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What is a “likelihood of confusion”?

Trademarks not only benefit the owner of the mark, they also help protect consumers of goods and/or services. For instance, a person may shop in a store in one state and go to a different state and shop in another store under the same trademarked name knowing they are getting similar products and services from the same expected source.

Trademarks aid consumers in identifying the sources of goods and/or services and trusting that the sources are similar for all goods and/or services under the same registered mark. The ability of trademarks to prevent consumer confusion over goods and/or services is therefore an important aspect and one that must be protected by not allowing trademarks themselves to be confusing to a consumer. United States trademark law allows a holder of a trademark to claim trademark infringement against a competitor’s trademark if both marks seem to be confusingly similar from a potential customer’s point of view. Trademark infringement hinges on the owner of a mark proving that there is a “likelihood of confusion” between their mark and the allegedly infringing mark, with the most important element being that both marks compare favorably in the “sight, sound, and meaning” test. That is, a potential customer is considered likely to be confused if both marks look analogous to one another, are similarly pronounced, and/or have equivalent meanings.

However, there are limitations to the “likelihood of confusion” test in that consumers are expected to be reasonable in their interpretations of similar marks. Most notably, trademarks would not be considered confusingly similar if the marks are associated with goods and/or services that are unrelated to each other, as a rational consumer would understand that the goods and/or services do not emanate from the same source, even though they are presented under similar trademarks. Moreover, the general knowledge level of a typical consumer of certain goods and/or services is taken into consideration when testing the “likelihood of confusion” between marks, as consumers of particular goods and/or services may be more qualified in a particular field and therefore less likely to be confused by similar marks, as they are expected to have acquired more intimate knowledge of those goods and/or services. It is important to note that since determining trademark infringement encompasses many factors that have been subjected to various court rulings over the years, all relevant factors are essential in interpreting the “likelihood of confusion.”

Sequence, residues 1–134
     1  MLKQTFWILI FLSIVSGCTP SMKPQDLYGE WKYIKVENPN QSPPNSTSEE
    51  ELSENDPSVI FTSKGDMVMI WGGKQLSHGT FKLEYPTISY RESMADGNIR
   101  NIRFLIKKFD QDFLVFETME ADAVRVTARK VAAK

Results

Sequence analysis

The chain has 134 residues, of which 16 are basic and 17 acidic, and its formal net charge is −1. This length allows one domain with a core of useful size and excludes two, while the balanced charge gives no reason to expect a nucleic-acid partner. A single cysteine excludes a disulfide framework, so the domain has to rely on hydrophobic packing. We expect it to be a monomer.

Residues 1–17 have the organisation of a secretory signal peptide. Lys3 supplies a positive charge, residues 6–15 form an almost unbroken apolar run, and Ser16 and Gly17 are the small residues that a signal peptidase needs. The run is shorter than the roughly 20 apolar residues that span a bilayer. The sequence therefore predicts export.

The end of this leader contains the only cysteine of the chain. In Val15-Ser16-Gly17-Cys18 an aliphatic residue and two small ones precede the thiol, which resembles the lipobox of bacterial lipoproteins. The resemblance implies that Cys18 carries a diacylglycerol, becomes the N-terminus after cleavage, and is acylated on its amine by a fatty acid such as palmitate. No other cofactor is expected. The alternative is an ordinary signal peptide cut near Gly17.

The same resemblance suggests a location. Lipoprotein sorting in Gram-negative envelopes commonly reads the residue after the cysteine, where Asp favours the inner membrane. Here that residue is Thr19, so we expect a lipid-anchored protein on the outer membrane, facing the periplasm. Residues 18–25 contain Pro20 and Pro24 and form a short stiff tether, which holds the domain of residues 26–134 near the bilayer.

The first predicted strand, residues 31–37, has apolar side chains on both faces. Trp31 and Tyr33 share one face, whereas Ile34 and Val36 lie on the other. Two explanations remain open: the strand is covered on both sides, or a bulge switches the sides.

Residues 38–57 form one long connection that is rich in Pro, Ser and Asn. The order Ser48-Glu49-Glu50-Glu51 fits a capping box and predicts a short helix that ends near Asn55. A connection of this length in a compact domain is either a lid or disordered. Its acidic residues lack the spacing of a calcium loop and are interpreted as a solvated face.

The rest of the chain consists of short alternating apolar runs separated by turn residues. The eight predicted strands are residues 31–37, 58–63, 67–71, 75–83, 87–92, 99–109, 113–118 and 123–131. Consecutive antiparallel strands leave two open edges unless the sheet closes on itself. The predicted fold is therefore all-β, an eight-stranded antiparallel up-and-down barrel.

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For more information on intellectual property, please visit Patent, Trademark, Copyright Information.

The content of this article is not intended to be, and does not constitute, legal advice and does not create attorney-client privilege. Consult the attorney of your choice before embarking on any legal matter or any document preparation/filing.

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Dr. Thomas R. (Terry) Williamson III is a Patent Attorney practicing in Atlanta, Georgia.

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Williamson Intellectual Property Law, LLC
1870 The Exchange, Suite 100
Atlanta, GA 30339
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Williamson Intellectual Property Law, LLC
1870 The Exchange, Suite 100 - Atlanta, Georgia 30339